The Chevelle came with aftermarket wheels and tires, but they were in terrible condition. The tires had huge tears in the sides, and the wheels were rusty, dinged up, and had peeling chrome. They were too wide, and they rubbed whenever we hit a bump or turned a corner. We had four still-in-good-shape tires lying around (mounted on stock steel wheels), so we bolted them onto the Chevelle until we had more time and money to get a nicer set. Even after cleaning them up they didn't look perfect, but at least they were safe to drive on.
The front and rear part of the headliner was on the shabby side. It hung down so far that we couldn't see out of the rear window and parts of the windshield. We didn't have the money to replace the headliner, and we didn't necessarily want to tear it out, so we bought a 59-cent box of ladies' hair pins to hold it up. It wasn't pretty, but it worked.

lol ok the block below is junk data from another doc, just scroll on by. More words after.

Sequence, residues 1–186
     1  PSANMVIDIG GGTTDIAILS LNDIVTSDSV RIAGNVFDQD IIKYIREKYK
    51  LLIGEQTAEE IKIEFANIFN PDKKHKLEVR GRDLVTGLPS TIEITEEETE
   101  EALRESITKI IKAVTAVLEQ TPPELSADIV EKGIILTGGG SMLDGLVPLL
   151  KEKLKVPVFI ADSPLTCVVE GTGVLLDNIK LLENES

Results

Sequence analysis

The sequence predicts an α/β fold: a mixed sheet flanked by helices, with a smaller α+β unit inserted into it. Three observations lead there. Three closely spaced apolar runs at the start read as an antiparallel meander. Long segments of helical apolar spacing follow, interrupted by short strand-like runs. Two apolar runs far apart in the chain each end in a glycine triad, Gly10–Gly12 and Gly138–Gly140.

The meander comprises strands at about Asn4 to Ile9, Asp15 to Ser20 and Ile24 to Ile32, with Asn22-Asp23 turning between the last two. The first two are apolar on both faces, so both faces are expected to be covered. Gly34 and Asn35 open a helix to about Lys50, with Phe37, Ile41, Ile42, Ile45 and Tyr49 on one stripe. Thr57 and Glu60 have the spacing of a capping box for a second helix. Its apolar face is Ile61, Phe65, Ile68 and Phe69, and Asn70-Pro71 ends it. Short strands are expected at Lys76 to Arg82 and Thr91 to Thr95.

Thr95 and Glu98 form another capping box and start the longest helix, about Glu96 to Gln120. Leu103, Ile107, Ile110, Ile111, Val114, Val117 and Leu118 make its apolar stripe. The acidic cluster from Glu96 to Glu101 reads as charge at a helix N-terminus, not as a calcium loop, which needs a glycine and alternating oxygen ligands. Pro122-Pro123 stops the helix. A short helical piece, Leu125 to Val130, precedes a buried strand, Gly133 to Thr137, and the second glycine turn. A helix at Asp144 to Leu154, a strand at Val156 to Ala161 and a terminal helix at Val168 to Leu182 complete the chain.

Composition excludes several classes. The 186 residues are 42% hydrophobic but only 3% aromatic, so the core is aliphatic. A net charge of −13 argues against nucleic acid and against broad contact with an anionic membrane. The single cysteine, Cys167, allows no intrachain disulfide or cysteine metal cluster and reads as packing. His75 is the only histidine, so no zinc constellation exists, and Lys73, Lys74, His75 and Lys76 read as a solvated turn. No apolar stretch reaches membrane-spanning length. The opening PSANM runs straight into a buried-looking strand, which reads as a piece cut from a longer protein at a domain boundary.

Obviously the interior has seen better days. We didn't particularly care for the hashed-out looking seat nor the spring-in-the-butt feel, so we stuffed a few towels in the hole and covered it with a near-new bath towel. Custom, eh?
With the car running in top condition (sort of), we were off to the smog station. With all of the fresh engine parts, including an oil change and fresh coolant, we were curious to see how many poisonous toxins the engine would belch. The smog guy seemed to be laughing as he stuck the infamous "tailpipe sniffer" into our monstrous 17/8-inch single exhaust outlet.
The smog guy at the local "Pass or Don't Pay" wasn't exactly impressed by the power of our mill. However, it didn't stop him from flogging the engine during the test.
Zealous Associate Editor Miles Cook was obviously excited that our mean machine passed smog inspection. Even though the car was near the bump for legality, Miles kept spouting, "I told you it would pass!" So much for all the clunker bills stating that we'll be cleaning the air by removing old cars from the roads.